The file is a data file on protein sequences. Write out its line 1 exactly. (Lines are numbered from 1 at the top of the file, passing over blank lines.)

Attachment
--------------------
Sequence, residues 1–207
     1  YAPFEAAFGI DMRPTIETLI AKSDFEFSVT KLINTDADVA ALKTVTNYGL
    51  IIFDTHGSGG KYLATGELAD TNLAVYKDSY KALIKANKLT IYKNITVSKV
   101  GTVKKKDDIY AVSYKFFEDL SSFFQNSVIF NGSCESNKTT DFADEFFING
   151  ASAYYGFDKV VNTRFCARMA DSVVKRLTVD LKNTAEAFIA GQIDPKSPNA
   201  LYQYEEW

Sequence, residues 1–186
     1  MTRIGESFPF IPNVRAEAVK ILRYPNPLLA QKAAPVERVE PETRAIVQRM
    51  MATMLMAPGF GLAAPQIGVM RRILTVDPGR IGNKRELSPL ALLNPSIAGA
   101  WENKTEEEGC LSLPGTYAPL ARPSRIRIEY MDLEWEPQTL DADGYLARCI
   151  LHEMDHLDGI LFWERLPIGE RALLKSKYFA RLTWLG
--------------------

Sequence, residues 1–207